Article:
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7/29/2016 - Jackson, Miss.

Strong reading skills obtained in the early grades lay a foundation for success in the classroom and beyond. Thanks to America Reads-Mississippi (ARM) and funding provided by the Corporation for the National and Community Service (CNCS), hundreds of Mississippi children in grades K-3 will receive extra help improving their reading skills.

The "Tutors with a Mission" are members of the America Reads-Mississippi (ARM) program, a grant-funded initiative beginning its 18th year as part of a literacy-focused national service program. ARM is part of the $3.3 million awarded in AmeriCorps funding to support AmeriCorps members in Mississippi.

"ARM maintains strong partnerships with local schools by ensuring that AmeriCorps members are well-trained and understand and follow AmeriCorps guidelines," said Ronjanett Taylor, ARM State Director. "School partners indicate that ARM tutors are an essential part of making students successful learners."

Eleven non-profit and educational organizations across the state were chosen to receive grants through highly competitive statewide and national selection processes. These organizations were selected for identifying an unmet need in their communities and devising unique ways for those needs to be addressed by AmeriCorps members.

America Reads-Mississippi was established as a national service program in 1998 and will continue to serve students and communities using the grant funds to support 77 full-time and 10 quarter-time AmeriCorps members as reading tutors.

Administered and supported by the Mississippi Commission for Volunteer Service (MCVS) and the Board of Trustees of State Institutions of Higher Learning (IHL), the program is designed to help improve the reading skills of students, encourage public awareness and support for literacy, and help increase the number of certified teachers in Mississippi. The initiative promotes academic readiness and skill development, which advances IHL's "emphasis on student achievement and on preparing responsible citizens."

The program is distinguished by its consistent, year-long, individualized and cost-effective approach to service during the school day. One-on-one and small group tutoring during the day enables members to review, repeat and practice challenging content with students while it is still fresh on their minds.

ARM "Tutors with a Mission" serve K-3 students in 27 partnering elementary schools and education centers across Mississippi. Full-time members will tutor an average of 16 students per member, reaching approximately 1,232 students each day, with the goal of having students demonstrate growth equal to or greater than what is expected for one year. With a dual focus on student reading improvement and AmeriCorps member development, members are trained for tutoring through a partnership with the Mississippi Department of Education and receive instructional resources through partnering schools and institutions.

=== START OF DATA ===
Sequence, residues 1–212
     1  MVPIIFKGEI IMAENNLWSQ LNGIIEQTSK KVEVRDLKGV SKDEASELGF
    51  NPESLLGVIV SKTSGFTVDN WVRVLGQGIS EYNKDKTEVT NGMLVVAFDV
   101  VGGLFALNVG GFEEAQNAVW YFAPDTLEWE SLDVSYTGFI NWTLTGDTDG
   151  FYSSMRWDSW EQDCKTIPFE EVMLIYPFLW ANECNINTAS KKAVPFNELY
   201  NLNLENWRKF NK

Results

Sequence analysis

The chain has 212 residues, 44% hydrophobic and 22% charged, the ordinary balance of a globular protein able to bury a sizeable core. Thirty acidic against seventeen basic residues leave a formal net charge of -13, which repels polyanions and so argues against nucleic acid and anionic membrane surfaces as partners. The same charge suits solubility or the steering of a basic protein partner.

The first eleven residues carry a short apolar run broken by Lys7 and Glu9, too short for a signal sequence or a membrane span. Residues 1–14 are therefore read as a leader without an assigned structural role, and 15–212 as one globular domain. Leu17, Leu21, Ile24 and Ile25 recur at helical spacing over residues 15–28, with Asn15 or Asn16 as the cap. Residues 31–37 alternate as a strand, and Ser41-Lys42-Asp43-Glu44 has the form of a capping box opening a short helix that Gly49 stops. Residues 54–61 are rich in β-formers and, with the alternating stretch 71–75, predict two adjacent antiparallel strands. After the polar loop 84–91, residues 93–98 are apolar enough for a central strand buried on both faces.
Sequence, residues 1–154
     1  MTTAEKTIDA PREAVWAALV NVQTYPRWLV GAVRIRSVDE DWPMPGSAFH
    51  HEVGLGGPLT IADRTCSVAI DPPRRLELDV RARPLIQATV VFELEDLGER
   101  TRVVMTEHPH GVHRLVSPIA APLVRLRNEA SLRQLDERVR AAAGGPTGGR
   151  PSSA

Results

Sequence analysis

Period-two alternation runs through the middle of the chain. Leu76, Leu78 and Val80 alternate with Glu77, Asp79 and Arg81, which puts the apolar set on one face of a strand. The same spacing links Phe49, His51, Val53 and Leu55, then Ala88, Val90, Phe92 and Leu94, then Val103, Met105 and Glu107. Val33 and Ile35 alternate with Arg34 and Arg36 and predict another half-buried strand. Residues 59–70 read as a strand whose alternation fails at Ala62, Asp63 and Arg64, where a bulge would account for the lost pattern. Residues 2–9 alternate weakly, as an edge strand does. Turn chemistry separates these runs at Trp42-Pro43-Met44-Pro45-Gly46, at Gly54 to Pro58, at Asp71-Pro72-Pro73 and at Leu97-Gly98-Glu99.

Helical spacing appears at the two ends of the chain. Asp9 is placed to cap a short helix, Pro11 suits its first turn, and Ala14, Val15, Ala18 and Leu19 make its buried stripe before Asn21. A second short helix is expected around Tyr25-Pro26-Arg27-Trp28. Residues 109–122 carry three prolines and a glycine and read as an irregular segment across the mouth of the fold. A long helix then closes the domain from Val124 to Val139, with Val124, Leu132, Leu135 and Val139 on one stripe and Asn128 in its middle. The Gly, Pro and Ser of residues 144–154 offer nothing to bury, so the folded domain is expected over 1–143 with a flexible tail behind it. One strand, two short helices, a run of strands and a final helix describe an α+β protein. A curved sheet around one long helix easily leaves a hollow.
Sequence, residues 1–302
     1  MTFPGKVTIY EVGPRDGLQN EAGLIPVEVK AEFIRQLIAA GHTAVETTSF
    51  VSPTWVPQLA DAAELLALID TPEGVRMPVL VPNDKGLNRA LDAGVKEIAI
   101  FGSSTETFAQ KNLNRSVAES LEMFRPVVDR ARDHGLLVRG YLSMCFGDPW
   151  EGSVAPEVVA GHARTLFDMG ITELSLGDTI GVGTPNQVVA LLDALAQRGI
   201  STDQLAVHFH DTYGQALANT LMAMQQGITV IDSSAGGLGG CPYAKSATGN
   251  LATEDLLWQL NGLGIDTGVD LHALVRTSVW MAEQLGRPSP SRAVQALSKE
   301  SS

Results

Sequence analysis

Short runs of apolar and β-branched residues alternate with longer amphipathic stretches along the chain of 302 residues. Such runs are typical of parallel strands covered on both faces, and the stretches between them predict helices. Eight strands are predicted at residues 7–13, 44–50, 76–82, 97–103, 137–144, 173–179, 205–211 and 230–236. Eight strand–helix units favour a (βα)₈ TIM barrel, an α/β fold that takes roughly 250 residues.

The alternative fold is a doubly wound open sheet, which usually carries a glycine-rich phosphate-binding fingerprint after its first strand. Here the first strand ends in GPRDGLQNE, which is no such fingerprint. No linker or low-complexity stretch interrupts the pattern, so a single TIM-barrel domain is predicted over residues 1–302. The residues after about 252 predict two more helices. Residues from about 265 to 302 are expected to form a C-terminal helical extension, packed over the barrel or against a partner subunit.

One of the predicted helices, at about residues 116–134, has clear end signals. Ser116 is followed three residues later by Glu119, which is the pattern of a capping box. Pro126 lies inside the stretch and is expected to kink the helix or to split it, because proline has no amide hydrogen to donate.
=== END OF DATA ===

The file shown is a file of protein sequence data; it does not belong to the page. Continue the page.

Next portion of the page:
In addition to the in-school service, all 87 ARM members will serve in afterschool programs providing homework help and engaging students in community service through planning and implementation of national service days. This year, AmeriCorps members aim to recruit more than 1,740 volunteers to assist with school and community service projects, including the September 11th Day of Remembrance, Make a Difference Day, Dr. Martin Luther King Jr. Day of Service, Read Across America Day, AmeriCorps Week and Global Youth Service Day.

AmeriCorps engages annually more than 75,000 members in intensive service through nonprofit, faith-based and community organizations at more than 21,000 locations across the country. These members help communities tackle pressing problems while mobilizing millions of volunteers for the organizations they service.
  In addition to the funds provided the Corporation for National and Community Service (CNCS) used to operate the programs, CNCS will also provide up to $1.6 million in education scholarships for the AmeriCorps members funded by these grants to help pay for college, vocational training or repay student loans.

Since 1994, almost one million Americans have earned more than $3 billion in education scholarships. In Mississippi, more than 15,000 Mississippi residents have served more than 30 million hours and qualified for more than $56.3 million in education scholarships.

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The Mississippi Board of Trustees of State Institutions of Higher Learning governs the public universities in Mississippi, including Alcorn State University; Delta State University; Jackson State University; Mississippi State University including the Mississippi State University Division of Agriculture, Forestry and Veterinary Medicine; Mississippi University for Women; Mississippi Valley State University; the University of Mississippi including the University of Mississippi Medical Center; and the University of Southern Mississippi.

ARM is administered and supported by the Mississippi Commission for Volunteer Service (MCVS) and the Board of Trustees of State Institutions of Higher Learning (IHL). For more information, contact the ARM State Director, Ronjanett Taylor, 601-432-6380 or visit the organization's Web site at americareadsms.org.

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